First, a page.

170 results where found for «I Can Trust the Lord»


To Sing by Improvising (Pa’ cantar de un improviso)

Song by:
Violeta Parra
Testimony by:
Claudio Enrique Durán Pardo (Kila Chico)
« We made a Venezuelan cuatro from a large plank of wood attached to one of the walls of the "ranch" where we ate. »
[...]
«  Latin American string instrument of the guitar family. National instrument of Venezuela and Puerto Rico. »
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Candombe for José (Candombe para José)

Song by:
Roberto Ternán
Testimony by:
Sara De Witt
Experience in:
« We were in Tres Álamos barracks in September 1976. I don’t recall how many of us women were imprisoned there. I believe there were close to a hundred of us. »
[...]
« It was a strong experience for the 13 of us who remained in the barracks, which now seemed so much larger and hushed. We began to tidy up the rooms and the yard, which looked as if a hurricane had swept through the place. The women who had gone left many things in their rooms. »
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Story of the Chair (Historia de la silla)

Song by:
Silvio Rodríguez
Testimony by:
Eduardo Andrés Arancibia Ortiz
Experience in:
« This was one of the songs Silvio Rodríguez sang to us the day he visited the political prisoners in Santiago’s Public Jail in 1990. »
[...]
« No less important are the memories of visits by Joan Manuel Serrat and the concert given to us by Illapu, deploying a full technical array. During my long stretch in prison, I also became acquainted with a cantata by the political prisoners, an anecdote of resistance in the face of the oft-repeated ban of our subversive songs. »
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Saint Gregory’s Tonada (Tonada San Gregorio)

Song by:
Pedro Humire Loredo
Testimony by:
Pedro Humire Loredo
« This tonada recalls the horrible situation I was subjected to in the cells of the police station in the San Gregorio district in southern Santiago. »
[...]
«  Wild South American camelid, relative of the llama. »
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After the War (Después de la guerra)

Song by:
Sandro
Testimony by:
Nelly Andrade Alcaino
« The military officials in charge of the Tejas Verdes camp made us sing. They gave us just one day to select the songs and rehearse. »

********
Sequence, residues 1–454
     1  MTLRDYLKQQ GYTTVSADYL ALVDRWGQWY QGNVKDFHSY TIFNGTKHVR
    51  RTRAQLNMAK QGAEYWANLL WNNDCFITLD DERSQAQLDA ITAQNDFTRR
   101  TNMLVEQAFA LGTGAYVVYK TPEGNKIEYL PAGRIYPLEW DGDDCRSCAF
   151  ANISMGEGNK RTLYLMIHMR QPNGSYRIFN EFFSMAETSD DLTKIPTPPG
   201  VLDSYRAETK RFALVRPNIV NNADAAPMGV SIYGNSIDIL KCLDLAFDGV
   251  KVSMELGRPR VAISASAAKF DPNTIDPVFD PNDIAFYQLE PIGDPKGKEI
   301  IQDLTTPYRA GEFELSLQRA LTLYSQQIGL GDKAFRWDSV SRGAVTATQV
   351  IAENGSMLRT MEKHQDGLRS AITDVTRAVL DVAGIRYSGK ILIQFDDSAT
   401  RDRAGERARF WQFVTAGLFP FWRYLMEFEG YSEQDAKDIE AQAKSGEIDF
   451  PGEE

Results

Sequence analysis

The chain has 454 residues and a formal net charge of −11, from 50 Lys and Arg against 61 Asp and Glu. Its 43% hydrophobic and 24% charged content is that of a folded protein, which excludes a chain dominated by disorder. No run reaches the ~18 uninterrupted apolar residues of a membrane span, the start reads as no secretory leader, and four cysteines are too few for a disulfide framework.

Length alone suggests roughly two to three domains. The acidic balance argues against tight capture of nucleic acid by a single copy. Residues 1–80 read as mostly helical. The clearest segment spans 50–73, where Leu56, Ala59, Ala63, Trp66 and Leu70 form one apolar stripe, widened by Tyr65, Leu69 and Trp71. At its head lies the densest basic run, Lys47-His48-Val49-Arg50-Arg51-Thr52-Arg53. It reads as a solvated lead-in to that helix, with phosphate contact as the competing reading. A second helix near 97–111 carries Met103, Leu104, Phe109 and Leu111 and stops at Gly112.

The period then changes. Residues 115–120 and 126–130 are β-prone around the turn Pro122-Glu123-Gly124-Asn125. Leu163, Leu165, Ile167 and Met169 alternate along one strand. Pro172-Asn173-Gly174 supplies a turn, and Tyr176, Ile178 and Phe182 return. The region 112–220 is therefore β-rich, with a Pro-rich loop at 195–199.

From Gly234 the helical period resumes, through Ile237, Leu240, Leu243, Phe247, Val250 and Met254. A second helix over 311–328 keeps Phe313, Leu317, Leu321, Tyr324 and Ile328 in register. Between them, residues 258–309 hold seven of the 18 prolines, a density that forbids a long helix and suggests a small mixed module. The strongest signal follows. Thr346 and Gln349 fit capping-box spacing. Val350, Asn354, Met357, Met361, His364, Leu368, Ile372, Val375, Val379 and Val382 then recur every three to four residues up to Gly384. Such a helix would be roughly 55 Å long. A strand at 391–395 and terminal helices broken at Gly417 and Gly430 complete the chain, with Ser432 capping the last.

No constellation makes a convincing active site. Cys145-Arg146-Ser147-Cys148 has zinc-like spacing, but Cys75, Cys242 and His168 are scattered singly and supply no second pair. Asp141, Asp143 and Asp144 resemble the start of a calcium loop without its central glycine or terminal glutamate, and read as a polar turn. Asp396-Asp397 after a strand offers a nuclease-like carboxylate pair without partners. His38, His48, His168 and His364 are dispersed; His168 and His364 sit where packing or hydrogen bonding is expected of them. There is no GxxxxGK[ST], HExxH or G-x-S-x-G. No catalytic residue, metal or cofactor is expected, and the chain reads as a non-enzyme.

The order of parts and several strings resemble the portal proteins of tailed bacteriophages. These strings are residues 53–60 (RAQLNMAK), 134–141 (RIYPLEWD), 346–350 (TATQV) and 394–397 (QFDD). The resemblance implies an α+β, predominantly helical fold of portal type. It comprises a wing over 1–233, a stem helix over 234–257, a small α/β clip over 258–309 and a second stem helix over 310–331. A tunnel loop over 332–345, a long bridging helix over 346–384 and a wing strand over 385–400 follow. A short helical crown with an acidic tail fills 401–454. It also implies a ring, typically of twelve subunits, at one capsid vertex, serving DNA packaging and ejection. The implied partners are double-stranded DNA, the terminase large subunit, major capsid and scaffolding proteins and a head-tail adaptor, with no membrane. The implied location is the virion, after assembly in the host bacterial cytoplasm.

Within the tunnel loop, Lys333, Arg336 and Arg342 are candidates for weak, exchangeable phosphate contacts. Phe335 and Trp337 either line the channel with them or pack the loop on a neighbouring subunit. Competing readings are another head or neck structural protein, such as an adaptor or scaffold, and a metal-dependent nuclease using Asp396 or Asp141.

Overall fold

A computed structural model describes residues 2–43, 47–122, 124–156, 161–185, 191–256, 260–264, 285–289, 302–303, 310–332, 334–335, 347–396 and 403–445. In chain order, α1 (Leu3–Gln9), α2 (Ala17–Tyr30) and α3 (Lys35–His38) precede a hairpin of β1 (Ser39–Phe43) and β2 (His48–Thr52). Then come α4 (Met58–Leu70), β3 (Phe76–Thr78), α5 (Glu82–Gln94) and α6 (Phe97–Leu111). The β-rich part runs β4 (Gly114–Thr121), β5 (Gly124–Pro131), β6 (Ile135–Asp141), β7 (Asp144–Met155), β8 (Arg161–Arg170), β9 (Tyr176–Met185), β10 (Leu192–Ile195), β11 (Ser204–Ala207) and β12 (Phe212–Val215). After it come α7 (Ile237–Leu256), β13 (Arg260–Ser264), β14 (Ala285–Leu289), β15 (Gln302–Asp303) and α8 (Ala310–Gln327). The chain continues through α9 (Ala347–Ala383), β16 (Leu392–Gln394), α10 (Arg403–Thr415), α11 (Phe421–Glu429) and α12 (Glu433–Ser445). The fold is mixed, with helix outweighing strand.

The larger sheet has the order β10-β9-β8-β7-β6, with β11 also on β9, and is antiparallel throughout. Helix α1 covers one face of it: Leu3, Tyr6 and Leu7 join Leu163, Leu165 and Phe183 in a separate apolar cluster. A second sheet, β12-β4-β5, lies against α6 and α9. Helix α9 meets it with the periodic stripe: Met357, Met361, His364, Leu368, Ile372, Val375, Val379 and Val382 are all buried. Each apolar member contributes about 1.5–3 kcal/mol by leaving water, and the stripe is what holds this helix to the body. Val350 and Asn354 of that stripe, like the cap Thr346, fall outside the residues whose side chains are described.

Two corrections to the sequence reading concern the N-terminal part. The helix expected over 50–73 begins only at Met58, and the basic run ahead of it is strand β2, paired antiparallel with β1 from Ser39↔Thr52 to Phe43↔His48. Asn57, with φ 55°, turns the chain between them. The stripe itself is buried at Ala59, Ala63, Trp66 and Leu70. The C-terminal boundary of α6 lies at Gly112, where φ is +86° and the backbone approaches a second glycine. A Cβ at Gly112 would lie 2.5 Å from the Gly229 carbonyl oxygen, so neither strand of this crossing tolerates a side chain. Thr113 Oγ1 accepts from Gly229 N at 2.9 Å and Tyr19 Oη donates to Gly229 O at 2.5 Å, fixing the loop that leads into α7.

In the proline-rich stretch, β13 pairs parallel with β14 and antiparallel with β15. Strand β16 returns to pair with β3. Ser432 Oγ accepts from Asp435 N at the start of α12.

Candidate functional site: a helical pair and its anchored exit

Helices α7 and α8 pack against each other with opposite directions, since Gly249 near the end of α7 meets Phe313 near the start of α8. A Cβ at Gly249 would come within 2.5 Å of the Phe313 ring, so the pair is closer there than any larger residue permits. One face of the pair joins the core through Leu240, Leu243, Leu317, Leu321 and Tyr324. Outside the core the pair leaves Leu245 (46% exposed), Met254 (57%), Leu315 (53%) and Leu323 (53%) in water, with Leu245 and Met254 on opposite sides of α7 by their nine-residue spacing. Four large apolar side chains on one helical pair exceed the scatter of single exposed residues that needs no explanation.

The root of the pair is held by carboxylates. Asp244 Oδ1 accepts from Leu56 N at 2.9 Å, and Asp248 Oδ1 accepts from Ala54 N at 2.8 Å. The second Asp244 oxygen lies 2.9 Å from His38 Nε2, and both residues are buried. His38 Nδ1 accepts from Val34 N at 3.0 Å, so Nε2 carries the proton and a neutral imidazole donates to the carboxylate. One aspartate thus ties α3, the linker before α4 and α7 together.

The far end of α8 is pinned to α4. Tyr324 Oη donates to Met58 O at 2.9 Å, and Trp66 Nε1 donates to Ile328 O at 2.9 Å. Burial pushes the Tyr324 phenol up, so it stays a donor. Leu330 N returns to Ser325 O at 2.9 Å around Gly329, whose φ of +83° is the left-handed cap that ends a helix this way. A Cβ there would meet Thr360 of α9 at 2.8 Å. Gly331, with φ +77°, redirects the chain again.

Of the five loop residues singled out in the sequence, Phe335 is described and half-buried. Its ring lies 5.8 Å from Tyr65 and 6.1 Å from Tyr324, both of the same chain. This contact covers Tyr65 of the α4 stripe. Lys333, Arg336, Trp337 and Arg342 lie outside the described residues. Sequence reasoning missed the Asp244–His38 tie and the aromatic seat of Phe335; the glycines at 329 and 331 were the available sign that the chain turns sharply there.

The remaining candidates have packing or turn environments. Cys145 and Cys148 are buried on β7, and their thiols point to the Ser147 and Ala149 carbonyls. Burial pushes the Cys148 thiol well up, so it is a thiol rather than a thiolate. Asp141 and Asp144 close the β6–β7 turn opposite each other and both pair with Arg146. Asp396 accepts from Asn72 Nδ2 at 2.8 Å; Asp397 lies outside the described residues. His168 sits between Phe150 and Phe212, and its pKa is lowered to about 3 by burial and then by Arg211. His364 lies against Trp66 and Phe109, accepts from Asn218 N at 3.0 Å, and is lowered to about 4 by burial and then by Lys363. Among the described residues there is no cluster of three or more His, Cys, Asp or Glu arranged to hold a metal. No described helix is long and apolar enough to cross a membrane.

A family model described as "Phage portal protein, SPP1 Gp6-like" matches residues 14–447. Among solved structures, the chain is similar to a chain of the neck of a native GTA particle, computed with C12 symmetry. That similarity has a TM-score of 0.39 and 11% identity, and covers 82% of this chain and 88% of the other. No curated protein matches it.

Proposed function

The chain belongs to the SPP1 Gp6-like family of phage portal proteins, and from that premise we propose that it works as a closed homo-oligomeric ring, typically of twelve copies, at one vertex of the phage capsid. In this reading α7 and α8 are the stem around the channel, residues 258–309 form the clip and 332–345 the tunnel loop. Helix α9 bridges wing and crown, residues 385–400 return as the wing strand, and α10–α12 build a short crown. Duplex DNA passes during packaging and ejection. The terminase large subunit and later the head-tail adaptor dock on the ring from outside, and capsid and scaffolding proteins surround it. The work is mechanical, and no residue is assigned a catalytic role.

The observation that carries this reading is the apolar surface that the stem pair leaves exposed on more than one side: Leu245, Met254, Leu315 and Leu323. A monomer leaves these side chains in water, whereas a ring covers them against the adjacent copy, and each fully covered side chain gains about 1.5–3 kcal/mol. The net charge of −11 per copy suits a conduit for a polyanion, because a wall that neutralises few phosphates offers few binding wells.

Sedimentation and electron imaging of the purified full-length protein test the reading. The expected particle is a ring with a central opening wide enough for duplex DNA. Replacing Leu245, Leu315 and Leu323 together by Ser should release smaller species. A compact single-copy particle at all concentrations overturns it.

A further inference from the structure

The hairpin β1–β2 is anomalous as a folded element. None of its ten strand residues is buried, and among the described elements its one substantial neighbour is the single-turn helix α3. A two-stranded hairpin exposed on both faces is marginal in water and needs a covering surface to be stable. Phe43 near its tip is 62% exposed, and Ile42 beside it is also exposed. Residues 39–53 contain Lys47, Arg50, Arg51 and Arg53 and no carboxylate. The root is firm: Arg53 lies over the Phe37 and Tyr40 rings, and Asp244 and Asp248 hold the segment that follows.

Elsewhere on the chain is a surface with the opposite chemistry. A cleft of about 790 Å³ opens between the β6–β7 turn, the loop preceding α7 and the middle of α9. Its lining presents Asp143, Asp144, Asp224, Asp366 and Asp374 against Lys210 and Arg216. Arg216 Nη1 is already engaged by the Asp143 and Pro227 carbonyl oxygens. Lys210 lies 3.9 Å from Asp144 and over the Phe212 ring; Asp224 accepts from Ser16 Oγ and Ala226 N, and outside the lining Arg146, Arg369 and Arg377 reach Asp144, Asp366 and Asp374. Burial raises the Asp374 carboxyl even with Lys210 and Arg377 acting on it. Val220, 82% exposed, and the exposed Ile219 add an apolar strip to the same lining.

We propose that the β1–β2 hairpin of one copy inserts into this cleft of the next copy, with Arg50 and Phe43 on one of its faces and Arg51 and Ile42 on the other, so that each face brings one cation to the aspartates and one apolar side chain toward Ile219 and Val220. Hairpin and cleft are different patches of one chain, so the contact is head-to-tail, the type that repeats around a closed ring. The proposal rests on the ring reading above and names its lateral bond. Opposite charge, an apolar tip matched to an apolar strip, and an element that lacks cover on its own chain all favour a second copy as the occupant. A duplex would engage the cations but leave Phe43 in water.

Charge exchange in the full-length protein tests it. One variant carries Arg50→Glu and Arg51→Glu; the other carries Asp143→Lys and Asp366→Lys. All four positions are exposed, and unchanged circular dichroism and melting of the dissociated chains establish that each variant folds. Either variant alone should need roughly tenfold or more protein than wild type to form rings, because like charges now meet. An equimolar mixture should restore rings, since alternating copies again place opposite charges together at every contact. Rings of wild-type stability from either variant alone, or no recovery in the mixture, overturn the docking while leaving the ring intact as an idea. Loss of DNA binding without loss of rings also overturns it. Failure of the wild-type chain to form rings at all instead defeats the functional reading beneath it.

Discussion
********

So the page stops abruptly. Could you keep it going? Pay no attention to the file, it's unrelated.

[...]
« Then I remembered Sandro’s song "Después de la guerra" and made the following argument: “All of us are prisoners of war, so everyone can relate to this song”. I recited the words and everyone agreed to sing it, so we rehearsed it all day long. »
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The Paper Boat (El barco de papel)

Song by:
Julio Numhauser, popularised by the band Amerindios
Testimony by:
Carlos Muñoz
Experience in:
« One of the most important songs in the detention centres. Impossible to count how many times we sang it. Every time someone was released from a detention camp or there was credible information that a person would be sent into exile, a gigantic chorus would sing this song, in a powerful unison. No one could possibly forget it. Especially significant at Tres Álamos, as this was the “exit” camp. »
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We Shall Prevail (Venceremos)

Song by:
Claudio Iturra (lyrics) and Sergio Ortega (music)
Testimony by:
Lucía Chirinos
Experience in:
« The parish priest at Buen Pastor played the accordion. He played so beautifully. Because I played the piano, I asked him if I could borrow it. 'I'll lend it to you' he said. »
[...]
« Marisa Cruces (the title character of the Mexican soap opera La cruz de Marisa Cruces) sure had a hold on the heterogeneous audience made up of serious criminals, petty criminals, guards, traitors to the Fatherland and nuns. They would all cry about the vicissitudes the protagonist endured. »
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The Little Fence (La rejita)

Song by:
lyrics: collective creation; music: 'Jálame la pitita' by Luis Abanto Morales (Peruvian polka)
Testimony by:
Lucía Chirinos
Experience in:
« Let’s get going, would say “the lizards”, as we called the policemen, because they dress all in green. »
[...]
« It was a mess: the pairs of shoes were mismatched. When we opened the door, the smoke was so thick you could cut the air with a knife. 'Come on, girlies, you can’t be like this', I said to them. »
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An Old Love Tune (Tonada del viejo amor)

Song by:
Eduardo Falú and Jaime Dávalos
Testimony by:
Luis Cifuentes Seves
Experience in:
Campamento de Prisioneros, Estadio Nacional, November 1973 - February 1974
« The Los de Chacabuco band, created and conducted by Ángel Parra, performed this zamba by Eduardo Falú and Jaime Davalos at the camp’s weekly shows. »
[...]
« This song can be found on the secret recording made of the farewell show organised for Ángel by Alberto Corvalan. It is called 'Zamba argentina' on the vinyl record released in Italy and on the CD released in Chile. »
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Amalia Rosa

Song by:
Tino Carrasco
Testimony by:
Luis Cifuentes Seves
Experience in:
Campamento de Prisioneros, Estadio Nacional, November 1973 - February 1974
« Los de Chacabuco, a band founded and conducted by Ángel Parra, performed this Venezuelan folk song, in the style of a joropo, singing it at the weekly prison camp show. I dare say it was one of the favourite songs of the audience, comprised of political prisoners. »
[...]
« This song can be found in Alberto Corvalán’s clandestine recording of the farewell show for Angel. On the recording, it is called "Canción de Venezuela". »
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